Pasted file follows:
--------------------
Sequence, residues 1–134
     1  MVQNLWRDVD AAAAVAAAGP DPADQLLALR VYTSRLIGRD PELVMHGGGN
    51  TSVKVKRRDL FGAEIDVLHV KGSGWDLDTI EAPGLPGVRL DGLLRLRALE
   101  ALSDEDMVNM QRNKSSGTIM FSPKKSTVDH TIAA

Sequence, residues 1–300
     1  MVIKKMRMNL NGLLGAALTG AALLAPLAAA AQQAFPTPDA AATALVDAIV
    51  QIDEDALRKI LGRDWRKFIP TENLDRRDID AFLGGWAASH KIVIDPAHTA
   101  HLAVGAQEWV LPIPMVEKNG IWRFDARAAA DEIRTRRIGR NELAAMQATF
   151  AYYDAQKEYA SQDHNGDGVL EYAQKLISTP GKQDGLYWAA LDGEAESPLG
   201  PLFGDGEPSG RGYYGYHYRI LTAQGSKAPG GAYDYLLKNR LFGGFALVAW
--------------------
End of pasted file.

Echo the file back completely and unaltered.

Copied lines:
Sequence, residues 1–134
     1  MVQNLWRDVD AAAAVAAAGP DPADQLLALR VYTSRLIGRD PELVMHGGGN
    51  TSVKVKRRDL FGAEIDVLHV KGSGWDLDTI EAPGLPGVRL DGLLRLRALE
   101  ALSDEDMVNM QRNKSSGTIM FSPKKSTVDH TIAA

Sequence, residues 1–300
     1  MVIKKMRMNL NGLLGAALTG AALLAPLAAA AQQAFPTPDA AATALVDAIV
    51  QIDEDALRKI LGRDWRKFIP TENLDRRDID AFLGGWAASH KIVIDPAHTA
   101  HLAVGAQEWV LPIPMVEKNG IWRFDARAAA DEIRTRRIGR NELAAMQATF
   151  AYYDAQKEYA SQDHNGDGVL EYAQKLISTP GKQDGLYWAA LDGEAESPLG
   201  PLFGDGEPSG RGYYGYHYRI LTAQGSKAPG GAYDYLLKNR LFGGFALVAW